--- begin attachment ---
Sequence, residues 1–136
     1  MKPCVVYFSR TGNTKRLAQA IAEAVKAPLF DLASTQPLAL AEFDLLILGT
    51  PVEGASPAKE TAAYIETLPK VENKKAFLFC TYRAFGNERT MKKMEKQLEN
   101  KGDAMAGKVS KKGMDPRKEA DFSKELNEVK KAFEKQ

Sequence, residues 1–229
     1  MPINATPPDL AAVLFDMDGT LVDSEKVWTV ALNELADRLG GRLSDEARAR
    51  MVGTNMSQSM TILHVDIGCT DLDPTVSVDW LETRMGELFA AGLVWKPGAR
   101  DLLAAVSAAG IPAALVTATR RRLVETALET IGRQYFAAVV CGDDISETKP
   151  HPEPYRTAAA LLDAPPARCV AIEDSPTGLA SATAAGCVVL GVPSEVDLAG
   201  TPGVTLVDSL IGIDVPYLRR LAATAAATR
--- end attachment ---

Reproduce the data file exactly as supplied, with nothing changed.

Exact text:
Sequence, residues 1–136
     1  MKPCVVYFSR TGNTKRLAQA IAEAVKAPLF DLASTQPLAL AEFDLLILGT
    51  PVEGASPAKE TAAYIETLPK VENKKAFLFC TYRAFGNERT MKKMEKQLEN
   101  KGDAMAGKVS KKGMDPRKEA DFSKELNEVK KAFEKQ

Sequence, residues 1–229
     1  MPINATPPDL AAVLFDMDGT LVDSEKVWTV ALNELADRLG GRLSDEARAR
    51  MVGTNMSQSM TILHVDIGCT DLDPTVSVDW LETRMGELFA AGLVWKPGAR
   101  DLLAAVSAAG IPAALVTATR RRLVETALET IGRQYFAAVV CGDDISETKP
   151  HPEPYRTAAA LLDAPPARCV AIEDSPTGLA SATAAGCVVL GVPSEVDLAG
   201  TPGVTLVDSL IGIDVPYLRR LAATAAATR